A journey through the Cradle of Human Culture traces the origins and development of human culture over the past 160 000 years and in the process, it also uncovers what it means to be human. From engraved ostrich eggshells and bone tools to shell beads and the first evidence of drawing, visitors will discover some of humanity’s earliest use of symbols, art and technological innovation. While the Cradle of Humankind in Gauteng holds some of the earliest evidence of the human journey starting from about 3.5 million years ago, the Cradle of Human Culture holds evidence of how our ancestors started to manifest abstract thought, to use fire to improve their tool-making skills and to systematically exploit marine resources for their nutrition.
The Cradle of Human Culture includes several archaeological and palaeontological sites in the Western Cape. The three major ones are Diepkloof Rock Shelter in the Cape West Coast (Weskus), Blombos Cave and Pinnacle Point on the Southern Cape Coast. A trip to the Cradle of Human Culture includes more than these three sites and the development and expression of human culture can be traced across all sites.
This is the Artist's Journey:
📍DAY 1: Cape Town
Cape Town is a fusion of diversity. It is a city overflowing with attractions for visitors interested in history, art, culture and a beautiful environment. Table Mountain is one of the most iconic attractions in Cape Town. For modern African art at its finest, visit Zeitz MOCAA and the Norval Foundation.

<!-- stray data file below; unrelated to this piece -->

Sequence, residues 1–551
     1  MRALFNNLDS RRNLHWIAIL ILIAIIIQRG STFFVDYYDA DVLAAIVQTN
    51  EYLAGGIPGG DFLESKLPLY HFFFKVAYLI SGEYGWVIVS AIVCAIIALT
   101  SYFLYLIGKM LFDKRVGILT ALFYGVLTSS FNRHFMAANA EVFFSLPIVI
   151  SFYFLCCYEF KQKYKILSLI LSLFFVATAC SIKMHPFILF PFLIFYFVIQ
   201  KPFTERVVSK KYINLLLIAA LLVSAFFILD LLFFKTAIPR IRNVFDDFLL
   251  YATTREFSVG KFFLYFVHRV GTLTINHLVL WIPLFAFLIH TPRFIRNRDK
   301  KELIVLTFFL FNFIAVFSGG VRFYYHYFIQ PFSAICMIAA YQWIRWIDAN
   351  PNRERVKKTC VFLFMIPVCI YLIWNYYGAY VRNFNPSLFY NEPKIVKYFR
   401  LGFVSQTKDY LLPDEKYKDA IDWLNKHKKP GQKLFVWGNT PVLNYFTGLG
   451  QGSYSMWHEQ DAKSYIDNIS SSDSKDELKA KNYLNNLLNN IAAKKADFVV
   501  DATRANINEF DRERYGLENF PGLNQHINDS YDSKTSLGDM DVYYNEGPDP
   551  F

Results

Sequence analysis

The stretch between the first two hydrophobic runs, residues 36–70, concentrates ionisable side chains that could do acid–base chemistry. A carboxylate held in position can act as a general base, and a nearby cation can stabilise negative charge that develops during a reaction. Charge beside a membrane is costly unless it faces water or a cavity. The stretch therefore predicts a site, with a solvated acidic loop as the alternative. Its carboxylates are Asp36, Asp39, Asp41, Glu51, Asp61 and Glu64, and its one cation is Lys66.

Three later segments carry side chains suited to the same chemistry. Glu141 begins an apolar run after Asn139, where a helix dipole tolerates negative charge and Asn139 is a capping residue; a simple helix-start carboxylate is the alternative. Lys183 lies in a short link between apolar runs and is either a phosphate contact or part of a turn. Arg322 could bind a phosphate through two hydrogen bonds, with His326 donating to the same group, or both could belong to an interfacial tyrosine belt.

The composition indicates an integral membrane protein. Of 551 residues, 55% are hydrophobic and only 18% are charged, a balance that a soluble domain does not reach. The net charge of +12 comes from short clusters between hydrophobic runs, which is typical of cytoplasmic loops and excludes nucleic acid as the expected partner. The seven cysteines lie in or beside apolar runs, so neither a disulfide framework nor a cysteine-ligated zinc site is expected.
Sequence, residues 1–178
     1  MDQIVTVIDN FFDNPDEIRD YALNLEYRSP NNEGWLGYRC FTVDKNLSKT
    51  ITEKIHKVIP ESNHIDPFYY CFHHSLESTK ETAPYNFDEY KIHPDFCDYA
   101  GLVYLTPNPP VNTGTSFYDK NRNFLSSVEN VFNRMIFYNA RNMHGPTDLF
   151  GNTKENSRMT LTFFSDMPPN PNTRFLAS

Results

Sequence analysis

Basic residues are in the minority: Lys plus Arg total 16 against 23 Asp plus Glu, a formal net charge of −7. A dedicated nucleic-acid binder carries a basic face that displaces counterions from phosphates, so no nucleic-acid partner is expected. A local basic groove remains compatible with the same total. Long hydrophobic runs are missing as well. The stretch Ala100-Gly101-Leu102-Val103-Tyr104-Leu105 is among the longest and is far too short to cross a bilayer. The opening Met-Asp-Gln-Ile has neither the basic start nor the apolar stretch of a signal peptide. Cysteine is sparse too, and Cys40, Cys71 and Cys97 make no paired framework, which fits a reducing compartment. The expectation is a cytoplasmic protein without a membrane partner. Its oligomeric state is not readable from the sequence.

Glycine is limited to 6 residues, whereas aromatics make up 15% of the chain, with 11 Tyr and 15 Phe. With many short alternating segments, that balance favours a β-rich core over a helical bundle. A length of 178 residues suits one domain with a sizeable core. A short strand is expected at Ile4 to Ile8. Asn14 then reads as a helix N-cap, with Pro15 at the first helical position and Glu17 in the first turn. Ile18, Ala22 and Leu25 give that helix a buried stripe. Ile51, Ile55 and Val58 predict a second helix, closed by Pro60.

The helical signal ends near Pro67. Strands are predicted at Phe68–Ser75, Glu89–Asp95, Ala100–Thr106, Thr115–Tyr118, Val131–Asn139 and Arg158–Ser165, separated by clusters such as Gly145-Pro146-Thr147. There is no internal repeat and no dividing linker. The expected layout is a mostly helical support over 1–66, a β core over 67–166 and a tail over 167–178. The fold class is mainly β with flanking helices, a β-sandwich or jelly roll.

📍DAY 2: Yzerfontein – Vredenburg
!Khwa ttu is a San Heritage Centre which is located near Yzerfontein. At !Khwa ttu San culture ancient and recent history are presented through a series of exhibitions, videos and presentations. !Khwa ttu provides a platform for contemporary San to share and explore their history and culture with both the San community members and local and international visitors.
The exhibitions and guided experiences engage the body and senses as much as the mind and demonstrate traditional lifestyles, culture and heritage and ancient survival skills of the San. Visitors can also take a drive in an open vehicle past zebra, springbok and other wildlife, through unspoilt fynbos, to a replica San village.
The West Coast Fossil Park has an exceptional interpretation centre displaying well-preserved fossil remains of the animals that inhabited the area about 5-million years ago. The deeply buried fossil bones of now extinct animals such as saber-toothed cats, short-necked giraffes (sivatheres), hunting hyenas and African bears were uncovered in the 1950s during phosphate mining and they are now visible at the dig site in a display unique to South Africa.
This is an unforgettable visit, which will leave no visitor dissatisfied. A newly-built state-of-the-art interpretation centre, housed in an impressive eco-friendly building, will take visitors on a journey illustrating how the landscape in the area changed over the last 5-million years, what life was like when the sivatheres were alive and which other now- extinct animals roamed the land.
📍DAY 3: Elands Bay – Redelingshuys
Elands Bay Cave
Breathtaking San and Khoe rock art has been found in the Elands Bay Cave in the hills above the Elands Bay harbour, about 5km from the centre of the village. This site was first occupied during the Middle Stone Age, dating back more than 80 000 years and intermittently during the Later Stone Age until possibly 500 years ago. Rock paintings include large images of eland, regarded by the San as spiritual creatures, as well as smaller antelope and other animals. Most striking are the many small handprints on the cave walls, some of which are believed to be those of children and young teenagers.